Total talent management has long been considered the holy grail for contingent workforce programs, but getting programs to that state has been difficult. One reason for the struggle is poor visibility into data for all talent types, which hinders the ability to make informed decisions into which talent channel makes the best sense for given talent needs.

Having perm data and contingent data available for analysis enables buyer organizations to determine the best path for utilizing all talent. For example, they will be able to better determine when a full-time headcount makes sense based on factors like rate, duration, skills or if a contingent solution is best based on the talent not being needed for a long period of time or if the skills are not core to the buyer organization.

Advanced programs can strategically determine the right workforce mix based on data that is inclusive of all talent types. Programs managing or aligned with all talent types typically have a single point of contact — a concierge — who guides the manager to the right place to source talent, whether that be perm or contingent labor.

Getting the data. The industry has done a great job of collecting and acting upon staff augmentation data for almost two decades, but programs continue to grapple with other forms of talent acquisition. Perm data, in particular, generally is siloed within HRIS systems and not easily accessible to be matched to contingent labor. Some buyer organizations mistakenly believe there are legal repercussions associated with matching and comparing perm and contingent labor data, but other organizations are overcoming those fears and removing barriers so they can manage all talent in more strategic ways.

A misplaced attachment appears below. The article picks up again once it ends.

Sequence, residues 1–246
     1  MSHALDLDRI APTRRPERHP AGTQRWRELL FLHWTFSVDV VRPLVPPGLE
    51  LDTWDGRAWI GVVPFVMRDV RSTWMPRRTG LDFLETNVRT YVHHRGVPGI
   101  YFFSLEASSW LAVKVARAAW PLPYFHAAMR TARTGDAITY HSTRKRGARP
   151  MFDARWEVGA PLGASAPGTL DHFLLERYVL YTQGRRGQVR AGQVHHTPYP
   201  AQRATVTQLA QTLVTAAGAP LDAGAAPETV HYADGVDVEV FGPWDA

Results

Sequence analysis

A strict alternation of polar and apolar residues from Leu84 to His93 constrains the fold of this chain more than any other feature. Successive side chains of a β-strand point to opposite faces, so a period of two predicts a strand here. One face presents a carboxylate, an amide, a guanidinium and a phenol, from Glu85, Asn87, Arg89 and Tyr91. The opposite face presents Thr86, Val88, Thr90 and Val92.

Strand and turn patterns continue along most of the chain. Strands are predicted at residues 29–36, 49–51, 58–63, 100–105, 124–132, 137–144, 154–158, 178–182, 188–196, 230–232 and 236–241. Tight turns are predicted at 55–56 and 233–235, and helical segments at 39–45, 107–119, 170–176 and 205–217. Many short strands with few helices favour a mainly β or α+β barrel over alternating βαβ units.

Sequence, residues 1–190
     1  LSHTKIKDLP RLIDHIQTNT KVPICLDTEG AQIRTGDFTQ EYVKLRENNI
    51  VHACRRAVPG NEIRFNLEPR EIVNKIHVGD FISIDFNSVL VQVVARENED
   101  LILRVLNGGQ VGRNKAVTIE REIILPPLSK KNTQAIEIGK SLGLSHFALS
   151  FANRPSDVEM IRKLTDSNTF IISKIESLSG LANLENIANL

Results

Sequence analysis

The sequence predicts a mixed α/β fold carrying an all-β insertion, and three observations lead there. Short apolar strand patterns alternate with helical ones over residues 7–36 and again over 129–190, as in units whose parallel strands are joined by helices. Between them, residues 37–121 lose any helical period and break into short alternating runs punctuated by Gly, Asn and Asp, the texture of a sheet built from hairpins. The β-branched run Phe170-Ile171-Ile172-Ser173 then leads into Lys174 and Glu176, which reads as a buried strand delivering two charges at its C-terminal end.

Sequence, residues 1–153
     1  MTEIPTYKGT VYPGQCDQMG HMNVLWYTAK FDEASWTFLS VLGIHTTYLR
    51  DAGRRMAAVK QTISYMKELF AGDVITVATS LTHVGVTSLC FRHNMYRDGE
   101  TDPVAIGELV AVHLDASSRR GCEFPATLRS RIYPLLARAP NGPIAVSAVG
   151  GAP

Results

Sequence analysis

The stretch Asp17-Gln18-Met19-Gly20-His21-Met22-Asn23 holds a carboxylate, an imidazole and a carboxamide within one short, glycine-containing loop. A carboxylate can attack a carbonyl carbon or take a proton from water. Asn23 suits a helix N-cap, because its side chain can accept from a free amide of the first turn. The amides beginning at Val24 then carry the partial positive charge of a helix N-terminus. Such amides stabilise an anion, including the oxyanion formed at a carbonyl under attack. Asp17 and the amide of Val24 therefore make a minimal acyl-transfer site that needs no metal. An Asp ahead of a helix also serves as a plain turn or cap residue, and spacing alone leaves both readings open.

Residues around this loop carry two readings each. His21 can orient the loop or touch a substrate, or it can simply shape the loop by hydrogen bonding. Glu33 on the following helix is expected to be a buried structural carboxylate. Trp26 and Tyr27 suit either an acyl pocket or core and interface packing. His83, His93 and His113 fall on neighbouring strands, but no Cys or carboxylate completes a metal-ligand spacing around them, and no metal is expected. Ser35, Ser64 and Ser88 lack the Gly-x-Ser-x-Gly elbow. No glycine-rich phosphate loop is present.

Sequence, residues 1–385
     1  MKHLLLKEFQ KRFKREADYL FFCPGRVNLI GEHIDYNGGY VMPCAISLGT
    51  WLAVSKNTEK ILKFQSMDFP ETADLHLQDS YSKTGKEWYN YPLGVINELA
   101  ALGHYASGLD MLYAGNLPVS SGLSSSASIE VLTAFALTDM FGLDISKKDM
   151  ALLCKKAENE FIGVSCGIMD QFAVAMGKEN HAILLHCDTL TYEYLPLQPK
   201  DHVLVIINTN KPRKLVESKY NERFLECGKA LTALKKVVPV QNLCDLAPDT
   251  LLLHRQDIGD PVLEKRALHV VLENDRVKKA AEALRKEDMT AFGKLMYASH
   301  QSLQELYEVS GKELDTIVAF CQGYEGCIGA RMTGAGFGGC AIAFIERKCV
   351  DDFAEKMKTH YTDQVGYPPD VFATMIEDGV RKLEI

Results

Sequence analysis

Data alignment. Once that data is accessed, the metrics across perm and contingent labor need to be matched — but that often is an apples-and-oranges comparison. It is common for buyers to struggle with aligning job titles and descriptions across all talent types. To accomplish this alignment, buyer organizations must make a strategic investment, which in turn requires gaining approval from senior leadership. SIA’s Certified Contingent Workforce Professional program places a heavy emphasis on a strategic decision-making methodology called VICA, about which I wrote in a previous CWS 3.0 article. The elements of VICA are:

  • V = Value
  • I = Investment
  • C = Capability
  • A = Authority

For buyer organizations to be able to move forward with collecting and mapping perm data, senior leadership will have to give this project their blessing while empowering teams to move forward.

Once this is achieved and a strategy is in place to collect and map perm data to contingent data, there is still a lot of work to do. Scrubbing and organizing data requires data expertise and time. Gaining alignment of perm data to contingent data will require scrutiny and long-term oversight. Part of a good data strategy includes plans for outliers and the management of outliers. Many buyer organizations have outsourced this level of effort to organizations with data scientists who as experts know and understand talent data at certain levels.

The pandemic boost. Overall, the movement toward total talent management may have been goosed a bit by the current pandemic, which has provided tremendous challenges for buyers of talent, but has also expedited conversations within buyer organizations to start creating total talent strategies much sooner than anticipated. Workforce mix could be a key driver for buyer organizations to be able to become more efficient and cost conscious with all talent decisions during these tough times.